No matter what you do in life," declares Brandon Bordeaux, better known musically as H*Wood, "you're going to trip, you're going to fall, you're going to make errors. But in the grand scheme of things, the grand scheme of the goals, the errors are the lessons."
Bordeaux speaks from experience. In a matter of years, after moving from Aurora to California, the rapper experienced a meteoric rise in the music business before falling just as fast. Now he's back in Colorado, better for the experience and with a new EP, Doubt Kills, that he believes not only raises the personal stakes for him as an artist, but raises the stakes for his home town.
Bordeaux found quick success in Hollywood in his early twenties with the singles "Barbie Doll" and the hugely popular "Could It Be You (Punk Rock Chick)," a track issued on Rodney "Darkchild" Jerkins's imprint that focused on the glossy materialism and party lifestyle of high-class Los Angeles. "I didn't even go through the whole 'I'm in Hollywood and I can't get into clubs,'" Bordeaux recalls of his time in L.A. "I was already blessed...and then I got signed, and when I got signed, that's when everything became, 'This is really what the industry and life as an artist pursuing this lifestyle is about.'
"I saw everything," he continues, repeating it twice more, like a bloodied Brando speaking his final words. "Hollywood is the heart of all of it, everything.... I saw how it was. I was wanted to be placed in a box. They wanted 'Could It Be You' 10,000 times. Every song had to be 'Could It Be You,' every time."'
Eventually, the heat from "Could It Be You" faded, and so did H*Wood's star. "You hear about that happening," he says. "I was hot and then I'm not. I had seen it happen, so when it happened, it was like, 'Oh, I can't go there no more? Damn.' It was just my time. My time with focusing on these things is over. That's how I looked at it. With 'Could It Be You,' that whole year, I loved it and had a great time full of great experiences, but I could not have continued to live my life that way."
Bordeaux isn't exactly excited to go into the details. He doesn't want to focus on the past. "There's a lot of dark shit that I've seen, and that's why I stay so positive — because a lot of this shit is dark," he explains. "The whole world is dark, but a lot of it originates from the industry, which originates from Hollywood. I guess just being positive and staying focused on your dream, even from the infant stages, and pushing that all the way to the end, is very important and hard to do, and that's what I really want people to do. I just want to be an example."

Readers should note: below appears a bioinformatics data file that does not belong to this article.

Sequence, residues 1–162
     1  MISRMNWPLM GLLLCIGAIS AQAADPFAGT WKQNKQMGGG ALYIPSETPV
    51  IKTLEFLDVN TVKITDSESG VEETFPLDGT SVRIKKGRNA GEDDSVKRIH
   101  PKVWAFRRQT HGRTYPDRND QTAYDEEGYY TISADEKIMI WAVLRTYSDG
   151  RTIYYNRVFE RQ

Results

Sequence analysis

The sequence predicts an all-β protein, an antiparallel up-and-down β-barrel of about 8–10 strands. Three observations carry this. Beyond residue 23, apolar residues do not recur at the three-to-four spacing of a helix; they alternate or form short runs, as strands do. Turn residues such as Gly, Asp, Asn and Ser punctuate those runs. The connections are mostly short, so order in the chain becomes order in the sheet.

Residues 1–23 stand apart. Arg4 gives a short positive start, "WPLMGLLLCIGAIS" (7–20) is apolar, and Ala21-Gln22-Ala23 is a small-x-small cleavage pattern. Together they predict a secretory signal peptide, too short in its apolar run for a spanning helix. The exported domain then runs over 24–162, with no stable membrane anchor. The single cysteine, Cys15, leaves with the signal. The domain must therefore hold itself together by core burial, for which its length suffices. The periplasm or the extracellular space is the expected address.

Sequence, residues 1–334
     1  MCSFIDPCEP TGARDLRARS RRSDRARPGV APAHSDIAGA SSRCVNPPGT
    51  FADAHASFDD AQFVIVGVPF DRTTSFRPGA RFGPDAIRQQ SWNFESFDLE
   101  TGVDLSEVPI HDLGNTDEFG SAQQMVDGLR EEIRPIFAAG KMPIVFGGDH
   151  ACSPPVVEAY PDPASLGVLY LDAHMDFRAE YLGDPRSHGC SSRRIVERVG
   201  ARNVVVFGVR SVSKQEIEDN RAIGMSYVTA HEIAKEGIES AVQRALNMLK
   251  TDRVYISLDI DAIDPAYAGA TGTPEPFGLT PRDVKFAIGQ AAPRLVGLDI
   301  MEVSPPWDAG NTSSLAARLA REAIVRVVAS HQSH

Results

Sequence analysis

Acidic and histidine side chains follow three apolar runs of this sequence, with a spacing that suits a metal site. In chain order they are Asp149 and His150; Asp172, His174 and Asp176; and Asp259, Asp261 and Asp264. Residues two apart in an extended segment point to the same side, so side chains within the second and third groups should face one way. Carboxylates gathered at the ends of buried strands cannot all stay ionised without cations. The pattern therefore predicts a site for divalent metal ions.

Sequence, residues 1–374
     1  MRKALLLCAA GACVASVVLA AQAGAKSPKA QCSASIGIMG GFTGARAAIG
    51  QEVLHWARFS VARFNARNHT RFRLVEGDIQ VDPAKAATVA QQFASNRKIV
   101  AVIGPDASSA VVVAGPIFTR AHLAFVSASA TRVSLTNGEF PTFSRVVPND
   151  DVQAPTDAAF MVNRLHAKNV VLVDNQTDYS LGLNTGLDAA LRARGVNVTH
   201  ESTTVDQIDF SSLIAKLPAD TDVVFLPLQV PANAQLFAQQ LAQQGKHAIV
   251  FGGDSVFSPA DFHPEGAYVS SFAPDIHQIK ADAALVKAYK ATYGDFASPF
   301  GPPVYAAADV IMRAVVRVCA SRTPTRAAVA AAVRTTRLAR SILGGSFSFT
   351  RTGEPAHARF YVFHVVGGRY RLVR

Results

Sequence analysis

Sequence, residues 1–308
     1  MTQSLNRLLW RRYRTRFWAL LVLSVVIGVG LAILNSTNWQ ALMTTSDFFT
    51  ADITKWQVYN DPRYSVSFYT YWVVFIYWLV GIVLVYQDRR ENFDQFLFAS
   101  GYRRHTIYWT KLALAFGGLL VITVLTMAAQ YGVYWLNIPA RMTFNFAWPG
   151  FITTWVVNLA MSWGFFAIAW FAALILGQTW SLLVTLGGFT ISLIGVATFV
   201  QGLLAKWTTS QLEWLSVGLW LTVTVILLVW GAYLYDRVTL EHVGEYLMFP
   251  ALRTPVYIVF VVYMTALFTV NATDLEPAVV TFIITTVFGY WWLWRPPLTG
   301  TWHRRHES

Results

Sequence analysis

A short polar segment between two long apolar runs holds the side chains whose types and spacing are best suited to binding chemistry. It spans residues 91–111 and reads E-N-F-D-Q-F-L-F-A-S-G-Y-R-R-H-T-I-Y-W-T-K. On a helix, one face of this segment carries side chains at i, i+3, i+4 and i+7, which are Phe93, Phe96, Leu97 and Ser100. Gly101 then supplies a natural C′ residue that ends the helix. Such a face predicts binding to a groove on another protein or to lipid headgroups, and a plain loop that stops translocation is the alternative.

One person for whom Bordeaux really wants to set an example is his son, D.J., who was born when Bordeaux was only nineteen. "The announcement of [my son] coming was the most critical point in my life," he remembers. "From that moment, I just decided that I'm not going to stop [making music]. He has to see his dad at least run, run to the dreams, run to the goals. Because if he doesn't at least see that, then it's just going to be right down the same cycle, because I didn't get to see that, and my pops didn't get to see that, and his pops didn't get to see that. So eventually, somebody just has to be the one who's like, 'You know what? Win, lose or draw, this is for the better.'"
Bordeaux extends this mentality beyond his personal credo, though. He wants positivity and self-confidence to be the foundation of his music from now on. "I feel blessed that I have the opportunity to even chase this," he says. "That's enough for me to stay positive, no matter what. I want to be an example to my family and other people, everybody, that if you just stay positive and work hard, good things will come — but that all starts with killing the self-doubt." This type of thinking fuels Doubt Kills. "When you think of a good idea and those million reasons why you shouldn't do it," he says, "ignore those."